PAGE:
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Wednesday, June 25, 2014

Warrantless Search of Suspect's Cell Phone is Unconstitutional

This morning, the U.S. Supreme Court issued an opinion holding that a warrantless search of a suspect's cell phone by local police was a violation of the suspect's Fourth Amendment rights in Riley v. California (June 25, 2014).  The decision involved the appeal of two separate cases involving police officers' searches of arrested suspects' cell phones, and subsequent convictions of both suspects.

The Court's ruling limiting police authority to search the cell phones of arrested individuals was unanimous.  The Court distinguished cell phones, smartphones, and similar electronic devices from other items like wallets, briefcases, and vehicles which are subject to a warrantless "search incident to arrest" if police can show probable cause that a crime has been committed or that a search is necessary to ensure officer safety.  With respect to personal electronic devices, however, the Court held that a warrant is required to search the devices because a suspect has "substantial" privacy interests in his or her digital data that outweigh any government interest in searching the data without a warrant.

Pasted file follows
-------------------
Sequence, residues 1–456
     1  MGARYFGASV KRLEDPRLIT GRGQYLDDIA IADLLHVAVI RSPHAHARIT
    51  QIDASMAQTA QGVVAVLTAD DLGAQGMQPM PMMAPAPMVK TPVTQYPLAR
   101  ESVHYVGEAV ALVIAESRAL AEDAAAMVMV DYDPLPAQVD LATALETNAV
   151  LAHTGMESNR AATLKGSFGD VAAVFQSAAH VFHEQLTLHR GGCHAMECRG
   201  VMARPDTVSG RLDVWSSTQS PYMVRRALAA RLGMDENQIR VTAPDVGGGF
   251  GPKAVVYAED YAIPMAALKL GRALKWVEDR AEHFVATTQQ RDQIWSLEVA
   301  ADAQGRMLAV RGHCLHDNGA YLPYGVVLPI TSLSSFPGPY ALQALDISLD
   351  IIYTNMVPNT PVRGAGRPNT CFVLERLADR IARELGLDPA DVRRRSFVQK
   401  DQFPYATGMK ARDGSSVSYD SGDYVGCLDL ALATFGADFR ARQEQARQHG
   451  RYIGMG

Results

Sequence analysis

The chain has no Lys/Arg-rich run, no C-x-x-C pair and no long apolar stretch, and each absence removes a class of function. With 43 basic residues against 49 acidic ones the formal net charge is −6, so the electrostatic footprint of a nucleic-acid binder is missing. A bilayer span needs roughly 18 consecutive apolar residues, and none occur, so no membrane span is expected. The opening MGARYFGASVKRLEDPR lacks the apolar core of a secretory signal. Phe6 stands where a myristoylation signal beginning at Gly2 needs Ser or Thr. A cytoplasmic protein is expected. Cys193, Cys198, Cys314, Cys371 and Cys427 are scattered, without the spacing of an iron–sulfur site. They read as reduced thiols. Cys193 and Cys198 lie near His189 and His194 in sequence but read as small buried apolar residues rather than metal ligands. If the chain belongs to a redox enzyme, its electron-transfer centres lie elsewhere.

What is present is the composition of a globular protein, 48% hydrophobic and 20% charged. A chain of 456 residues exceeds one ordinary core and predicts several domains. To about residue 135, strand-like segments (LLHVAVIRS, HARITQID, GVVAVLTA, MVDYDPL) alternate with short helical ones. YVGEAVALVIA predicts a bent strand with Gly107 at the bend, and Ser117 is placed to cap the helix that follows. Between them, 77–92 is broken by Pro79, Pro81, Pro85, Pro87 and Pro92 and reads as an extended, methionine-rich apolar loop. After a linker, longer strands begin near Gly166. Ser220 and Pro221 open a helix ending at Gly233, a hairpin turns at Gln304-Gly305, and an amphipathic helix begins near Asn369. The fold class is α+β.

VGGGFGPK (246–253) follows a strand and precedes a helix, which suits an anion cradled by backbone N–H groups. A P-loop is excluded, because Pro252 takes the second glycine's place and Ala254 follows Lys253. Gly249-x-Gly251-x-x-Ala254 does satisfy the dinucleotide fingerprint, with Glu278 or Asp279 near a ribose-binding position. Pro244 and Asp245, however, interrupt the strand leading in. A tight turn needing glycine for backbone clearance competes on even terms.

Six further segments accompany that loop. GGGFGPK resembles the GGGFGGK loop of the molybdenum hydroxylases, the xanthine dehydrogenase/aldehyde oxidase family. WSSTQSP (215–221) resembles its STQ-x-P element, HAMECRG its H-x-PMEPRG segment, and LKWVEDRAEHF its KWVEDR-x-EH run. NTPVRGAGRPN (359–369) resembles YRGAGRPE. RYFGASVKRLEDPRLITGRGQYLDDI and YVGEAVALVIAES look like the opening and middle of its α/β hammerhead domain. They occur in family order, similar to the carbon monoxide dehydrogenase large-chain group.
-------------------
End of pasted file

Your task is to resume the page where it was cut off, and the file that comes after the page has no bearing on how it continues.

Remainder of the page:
While the Court acknowledged that the decision will have some impact on the ability of police to combat crime, the Court noted that police can still access the information pursuant to a warrant, which the Court said can be obtained with "increasing efficiency." 

Post Authored by Julie Tappendorf, Ancel Glink


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